KARO, Indonesia: Fourteen people, including four schoolchildren, were killed Saturday after they were engulfed in scorching ash clouds spat out by Indonesia’s Mount Sinabung in its biggest eruption in recent days, officials said. Dark, searing clouds rolling down the mountain left apocalyptic scenes of ash-covered bodies scattered by a roadside in Sukameriah village, just 2.7 km from the volcano’s crater, an AFP witness who helped with the evacuation said.
Officials fear there could be more fatalities from Saturday’s eruptions, but due to the high potential of lethal heat clouds spewing from the mountain, a search and rescue mission has been grounded, officials said.
“We suspect there are more victims but we cannot recover them because the victims are in the path of the hot (ash) clouds,” said Sutopo Purwo Nugroho, the spokesman for the National Disaster Management Agency.
All 14 bodies have been identified. Four of them were high school students on a sightseeing trip to the volcano on the western island of Sumatra, he added.“What does incitement of increasingly violent street protests have to do with promoting democracy?” he said in response to European Council President Herman Van Rompuy, who earlier said Ukraine must be free to choose its own future, a future which lay in Europe.
“Why don’t we hear condemnation of those who seize and hold government buildings, attack the police, torture police, use racist and anti-Semitic and Nazi slogans?” Lavrov said.
EU foreign affairs head Catherine Ashton is due to visit Kiev again next week, having previously met the government and opposition figures several times there to call for a peaceful dialogue.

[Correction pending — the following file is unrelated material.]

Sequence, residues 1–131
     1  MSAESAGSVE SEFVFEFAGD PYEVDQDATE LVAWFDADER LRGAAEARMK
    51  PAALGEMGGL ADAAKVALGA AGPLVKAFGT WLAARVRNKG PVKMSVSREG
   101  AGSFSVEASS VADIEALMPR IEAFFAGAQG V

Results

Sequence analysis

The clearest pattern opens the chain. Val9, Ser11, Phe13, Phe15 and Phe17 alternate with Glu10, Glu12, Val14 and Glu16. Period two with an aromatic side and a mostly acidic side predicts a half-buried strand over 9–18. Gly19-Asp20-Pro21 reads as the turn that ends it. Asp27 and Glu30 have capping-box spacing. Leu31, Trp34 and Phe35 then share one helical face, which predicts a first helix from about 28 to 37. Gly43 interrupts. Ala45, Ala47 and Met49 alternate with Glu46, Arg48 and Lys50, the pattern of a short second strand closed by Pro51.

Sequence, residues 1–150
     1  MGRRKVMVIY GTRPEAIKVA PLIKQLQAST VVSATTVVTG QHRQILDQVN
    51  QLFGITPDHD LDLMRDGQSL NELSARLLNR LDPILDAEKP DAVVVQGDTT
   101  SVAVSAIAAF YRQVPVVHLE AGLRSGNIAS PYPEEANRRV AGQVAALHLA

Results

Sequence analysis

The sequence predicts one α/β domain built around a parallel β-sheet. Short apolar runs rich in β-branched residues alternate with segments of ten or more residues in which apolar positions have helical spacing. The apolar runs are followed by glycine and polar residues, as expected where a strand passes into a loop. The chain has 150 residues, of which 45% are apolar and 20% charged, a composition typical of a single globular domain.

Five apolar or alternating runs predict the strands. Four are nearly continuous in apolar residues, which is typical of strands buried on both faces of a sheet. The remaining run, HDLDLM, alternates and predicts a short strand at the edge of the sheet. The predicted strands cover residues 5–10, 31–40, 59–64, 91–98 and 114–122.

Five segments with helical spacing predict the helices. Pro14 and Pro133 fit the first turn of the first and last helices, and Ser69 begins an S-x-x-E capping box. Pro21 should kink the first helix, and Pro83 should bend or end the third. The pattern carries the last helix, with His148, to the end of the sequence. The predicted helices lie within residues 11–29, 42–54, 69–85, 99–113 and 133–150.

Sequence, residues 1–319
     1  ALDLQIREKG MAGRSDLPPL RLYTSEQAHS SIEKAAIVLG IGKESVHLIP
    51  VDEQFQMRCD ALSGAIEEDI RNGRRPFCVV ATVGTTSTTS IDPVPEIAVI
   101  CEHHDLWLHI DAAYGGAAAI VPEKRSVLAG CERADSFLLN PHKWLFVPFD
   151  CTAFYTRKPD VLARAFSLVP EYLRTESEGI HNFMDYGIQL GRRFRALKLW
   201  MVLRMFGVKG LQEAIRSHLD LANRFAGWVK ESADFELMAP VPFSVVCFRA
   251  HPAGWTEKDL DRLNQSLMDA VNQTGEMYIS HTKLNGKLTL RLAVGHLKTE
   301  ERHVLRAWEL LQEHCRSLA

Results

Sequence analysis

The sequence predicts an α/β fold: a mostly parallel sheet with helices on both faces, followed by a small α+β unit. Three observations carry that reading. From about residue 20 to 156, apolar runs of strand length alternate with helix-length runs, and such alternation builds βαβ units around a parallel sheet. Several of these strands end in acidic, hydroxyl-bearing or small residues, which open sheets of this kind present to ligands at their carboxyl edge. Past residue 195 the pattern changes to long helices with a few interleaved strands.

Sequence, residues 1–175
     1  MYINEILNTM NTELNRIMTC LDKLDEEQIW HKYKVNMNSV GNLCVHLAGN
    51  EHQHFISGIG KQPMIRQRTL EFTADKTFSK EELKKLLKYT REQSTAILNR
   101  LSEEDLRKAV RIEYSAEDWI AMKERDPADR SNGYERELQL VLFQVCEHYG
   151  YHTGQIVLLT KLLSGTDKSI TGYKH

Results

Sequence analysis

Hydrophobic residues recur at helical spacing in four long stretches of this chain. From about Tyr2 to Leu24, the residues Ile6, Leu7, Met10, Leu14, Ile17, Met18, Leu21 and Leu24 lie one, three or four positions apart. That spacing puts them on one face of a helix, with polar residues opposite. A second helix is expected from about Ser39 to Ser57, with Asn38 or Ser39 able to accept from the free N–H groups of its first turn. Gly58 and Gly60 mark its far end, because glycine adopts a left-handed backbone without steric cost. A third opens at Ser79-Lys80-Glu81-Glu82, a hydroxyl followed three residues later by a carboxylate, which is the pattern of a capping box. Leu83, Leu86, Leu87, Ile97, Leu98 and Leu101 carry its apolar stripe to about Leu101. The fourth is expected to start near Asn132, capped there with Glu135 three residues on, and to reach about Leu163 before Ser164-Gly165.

Other prominent figures have also been frequent visitors to Kiev, drawing a strong government and Russian response although Lavrov’s remarks Saturday were unusually blunt in comparison.
Describing the situation in Ukraine as raising “fundamental questions” about EU-Russia relations, he said that in this case “a choice is being imposed.”
Europe’s future should “not be about new spheres of influence… it should be about how all countries” cooperate in the interest of all, he said.
The EU and Russia have been at loggerheads over Ukraine since President Viktor Yanukovych ditched an EU association accord in November under pressure from a Moscow seen to be trying to bring its former Soviet satellite back into the fold.
Yanukovych’s decision sparked off massive anti-government protests, which turned increasingly violent last month after he rushed through a series of curbs on protests.
The move only prompted an escalation of the violence on the streets and the president then cancelled them and accepted the resignation of the government.
Ukraine is a major talking point at the Munich Security Conference and top opposition leaders were due later Saturday to meet US Secretary of State John Kerry amid concern about possible military intervention in Kiev.
The prospect of that meeting may have especially infuriated Russia, coming as the White House said it was consulting with Congress over possible sanctions on Ukraine.